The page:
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When we think about supporting physical health, it often feels clearer what we need to do to get better and that being unwell is not our fault. With mental health though, it can be easy to blame ourselves, feel there is no way forward and forget that our brain is an organ that needs looking after like any other.


Admitting when something is wrong


It can be important to take that first step and identify to someone else that you might be struggling or that you do need extra help or support. This could be through textline/support line who can help get through dark moments and identify some next steps. There also LGBTQI+ specific support lines.


You can text shout on 85258

You can phone Samaritans 116 123


For LGBTQI+ specific support

Mermaids on 0808 801 0400

Stonewall 08000 50 20 20

LGBT foundation 0345 3 30 30 30


If you have a trusted adult, whether that’s someone at home, school or out in the community they might be a good first point of call. If you feel comfortable with them then it’ll be easier to have that first conversation.


Using role models and social media

Follow people that build you up, and actively choose the accounts you follow and look at regularly. Role models can keep us going when we have had enough, they can help us dream and focus on what we want even if we don’t have it all right now. There are lots of positive LGBTQI+ role models out there, find ones that inspire you!


In this way you can use social media accounts to lift you up rather than mindlessly scrolling or feeling like everyone else has it better then you.


Finding your safe space


Not everyone is going to treat you with the kindness you deserve, but there are people that will. An important step to improving mental health is to seek out those safe spaces where you feel you are supported and accepted. This might through one of Space’s group talking with other LGBTQI+ teens or maybe you have another interest that you want to share with others. There are also groups with Dorset Mind Your Head if you wish to do different activities like art to explore your mental health. If you need to talk to someone one to one, DMYH have a wellbeing check-in service, that offers weekly online or phone check ins.


Your physical health and mental health are connected


Our physical health has a huge effect on our mental health. So sometimes it can be useful to make yourself do things to look after your physical health, even if you don’t think you need to or don’t think it will make a difference.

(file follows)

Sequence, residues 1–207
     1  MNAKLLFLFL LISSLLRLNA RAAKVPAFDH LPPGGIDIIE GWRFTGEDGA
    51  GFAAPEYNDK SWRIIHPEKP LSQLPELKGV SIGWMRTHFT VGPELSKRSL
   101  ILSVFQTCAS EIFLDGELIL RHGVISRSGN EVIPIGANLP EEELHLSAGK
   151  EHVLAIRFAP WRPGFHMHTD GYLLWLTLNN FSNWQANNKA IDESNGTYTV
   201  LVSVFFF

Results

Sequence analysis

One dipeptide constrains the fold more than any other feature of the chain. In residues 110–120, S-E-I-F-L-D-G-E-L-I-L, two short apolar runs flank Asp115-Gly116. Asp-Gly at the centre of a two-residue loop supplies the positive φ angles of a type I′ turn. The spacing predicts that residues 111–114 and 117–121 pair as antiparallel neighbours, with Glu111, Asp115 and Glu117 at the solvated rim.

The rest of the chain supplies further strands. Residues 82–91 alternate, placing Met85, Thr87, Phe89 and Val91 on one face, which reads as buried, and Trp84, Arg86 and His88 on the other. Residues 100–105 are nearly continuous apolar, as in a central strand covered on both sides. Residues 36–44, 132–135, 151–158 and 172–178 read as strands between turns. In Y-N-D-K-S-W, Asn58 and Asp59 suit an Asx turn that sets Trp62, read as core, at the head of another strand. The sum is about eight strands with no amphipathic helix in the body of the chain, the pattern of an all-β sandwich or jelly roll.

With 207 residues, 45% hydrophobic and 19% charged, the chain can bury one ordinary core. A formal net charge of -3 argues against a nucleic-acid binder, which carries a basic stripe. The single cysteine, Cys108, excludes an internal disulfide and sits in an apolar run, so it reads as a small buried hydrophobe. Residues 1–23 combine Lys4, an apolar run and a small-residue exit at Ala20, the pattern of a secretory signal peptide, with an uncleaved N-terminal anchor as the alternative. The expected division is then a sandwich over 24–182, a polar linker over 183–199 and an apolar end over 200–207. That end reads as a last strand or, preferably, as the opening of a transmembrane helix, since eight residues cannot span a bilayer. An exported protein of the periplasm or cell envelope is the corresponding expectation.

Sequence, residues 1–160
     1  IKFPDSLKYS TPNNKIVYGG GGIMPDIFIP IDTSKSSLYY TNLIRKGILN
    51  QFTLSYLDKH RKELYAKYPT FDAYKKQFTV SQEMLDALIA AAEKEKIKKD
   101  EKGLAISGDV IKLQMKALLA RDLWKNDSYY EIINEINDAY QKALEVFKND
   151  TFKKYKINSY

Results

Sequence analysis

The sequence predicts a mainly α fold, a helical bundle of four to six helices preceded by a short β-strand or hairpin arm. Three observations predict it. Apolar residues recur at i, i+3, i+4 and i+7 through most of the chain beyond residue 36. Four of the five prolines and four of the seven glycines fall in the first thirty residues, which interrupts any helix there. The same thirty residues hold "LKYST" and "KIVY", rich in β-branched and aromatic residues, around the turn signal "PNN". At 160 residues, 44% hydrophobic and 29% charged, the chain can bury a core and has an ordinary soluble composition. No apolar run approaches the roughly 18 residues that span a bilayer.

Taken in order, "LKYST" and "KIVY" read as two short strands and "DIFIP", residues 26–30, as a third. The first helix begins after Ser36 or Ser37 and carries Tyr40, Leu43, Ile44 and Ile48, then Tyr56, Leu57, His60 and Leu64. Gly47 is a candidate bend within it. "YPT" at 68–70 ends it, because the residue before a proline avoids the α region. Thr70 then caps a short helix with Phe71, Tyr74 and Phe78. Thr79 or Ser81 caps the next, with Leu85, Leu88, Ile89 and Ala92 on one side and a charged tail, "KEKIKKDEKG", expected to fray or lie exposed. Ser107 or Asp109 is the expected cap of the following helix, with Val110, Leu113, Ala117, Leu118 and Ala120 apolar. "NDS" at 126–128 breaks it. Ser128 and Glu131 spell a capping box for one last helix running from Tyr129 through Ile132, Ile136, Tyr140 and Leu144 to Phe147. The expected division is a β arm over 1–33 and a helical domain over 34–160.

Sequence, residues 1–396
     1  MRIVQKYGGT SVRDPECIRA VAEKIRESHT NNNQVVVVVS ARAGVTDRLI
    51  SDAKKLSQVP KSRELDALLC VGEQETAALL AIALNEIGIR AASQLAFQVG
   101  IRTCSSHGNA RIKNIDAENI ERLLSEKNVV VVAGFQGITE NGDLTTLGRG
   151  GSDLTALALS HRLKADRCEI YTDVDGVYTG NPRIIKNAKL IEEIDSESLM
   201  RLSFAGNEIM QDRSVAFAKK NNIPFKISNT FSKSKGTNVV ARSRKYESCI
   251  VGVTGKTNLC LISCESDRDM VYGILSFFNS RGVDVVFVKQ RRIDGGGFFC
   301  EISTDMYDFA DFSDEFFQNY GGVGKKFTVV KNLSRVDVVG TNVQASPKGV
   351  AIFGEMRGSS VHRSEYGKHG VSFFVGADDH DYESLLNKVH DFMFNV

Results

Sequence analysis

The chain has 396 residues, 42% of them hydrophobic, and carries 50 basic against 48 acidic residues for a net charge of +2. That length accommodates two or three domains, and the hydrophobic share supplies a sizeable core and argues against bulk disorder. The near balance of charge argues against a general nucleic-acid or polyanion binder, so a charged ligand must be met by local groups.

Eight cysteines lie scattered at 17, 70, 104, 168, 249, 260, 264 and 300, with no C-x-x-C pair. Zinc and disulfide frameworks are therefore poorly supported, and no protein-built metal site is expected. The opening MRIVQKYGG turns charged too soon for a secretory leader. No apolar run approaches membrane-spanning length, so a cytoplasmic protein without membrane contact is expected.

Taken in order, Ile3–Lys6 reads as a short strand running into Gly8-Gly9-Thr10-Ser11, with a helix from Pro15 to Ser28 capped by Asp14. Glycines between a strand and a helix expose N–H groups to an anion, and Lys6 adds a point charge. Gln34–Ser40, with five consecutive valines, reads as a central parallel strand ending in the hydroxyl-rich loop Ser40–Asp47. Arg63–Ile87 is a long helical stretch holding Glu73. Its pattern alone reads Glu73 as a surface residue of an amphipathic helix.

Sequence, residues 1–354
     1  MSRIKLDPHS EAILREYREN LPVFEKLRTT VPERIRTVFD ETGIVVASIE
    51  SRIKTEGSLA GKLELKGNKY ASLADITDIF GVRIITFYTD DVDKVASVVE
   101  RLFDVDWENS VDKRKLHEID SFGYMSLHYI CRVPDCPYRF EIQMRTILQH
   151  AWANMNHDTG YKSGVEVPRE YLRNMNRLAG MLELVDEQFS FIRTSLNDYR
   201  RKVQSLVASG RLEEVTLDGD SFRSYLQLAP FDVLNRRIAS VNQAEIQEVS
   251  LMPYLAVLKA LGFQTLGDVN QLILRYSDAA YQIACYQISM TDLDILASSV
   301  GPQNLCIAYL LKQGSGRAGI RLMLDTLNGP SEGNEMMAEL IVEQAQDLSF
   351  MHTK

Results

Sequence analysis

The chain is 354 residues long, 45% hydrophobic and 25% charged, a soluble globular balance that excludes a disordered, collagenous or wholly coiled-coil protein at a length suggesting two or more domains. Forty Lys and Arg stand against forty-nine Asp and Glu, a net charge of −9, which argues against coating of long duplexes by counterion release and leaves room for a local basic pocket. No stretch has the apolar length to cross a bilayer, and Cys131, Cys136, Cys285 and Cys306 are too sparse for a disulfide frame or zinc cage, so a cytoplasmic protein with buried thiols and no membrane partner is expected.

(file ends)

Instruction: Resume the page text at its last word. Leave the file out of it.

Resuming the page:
Check have you eaten today, have you eaten a mix of foods not just one type, be that sugary, carbs of even veg, it’s important you have a mix. Have you drunk much water today or soft drinks that aren’t fizzy? And finally have you got out of the house or stretched your legs. Nature can have a huge benefit on our mental health, and it can be useful to change our scenery to help change our mood.


Remember you as well know yourself most of all. You know you’re needs- listen to your bodies!


If you need further support with your mental health, Dorset Mind Your Head offers free counselling for ages 11-18, you can find out more on their website at dorsetmindyourhead.co.uk


Hey everyone, my name is Lucy and I am a volunteer counsellor with Space.


I’ve worked with young people for six years in teaching and youth work and am now really excited to be part of Space Youth Project. I am a strong ally of the LGBT+ community and have worked in activism over in Brighton.


I hope my counselling skills will be useful to some of you who may want someone to speak to in a safe and confidential space. I especially like using creative techniques like storyboarding, timelines and art to help people express themselves in different ways when speaking is more difficult.


I attend the Dorchester drop-in and can offer 50 minutes sessions over Google meets/phone or in person at Dorchester & Weymouth. If you think you would benefit from some counselling, you can contact your Youth Worker or Helen Walsh for a referral. I look forward to working with you!

What is mental health?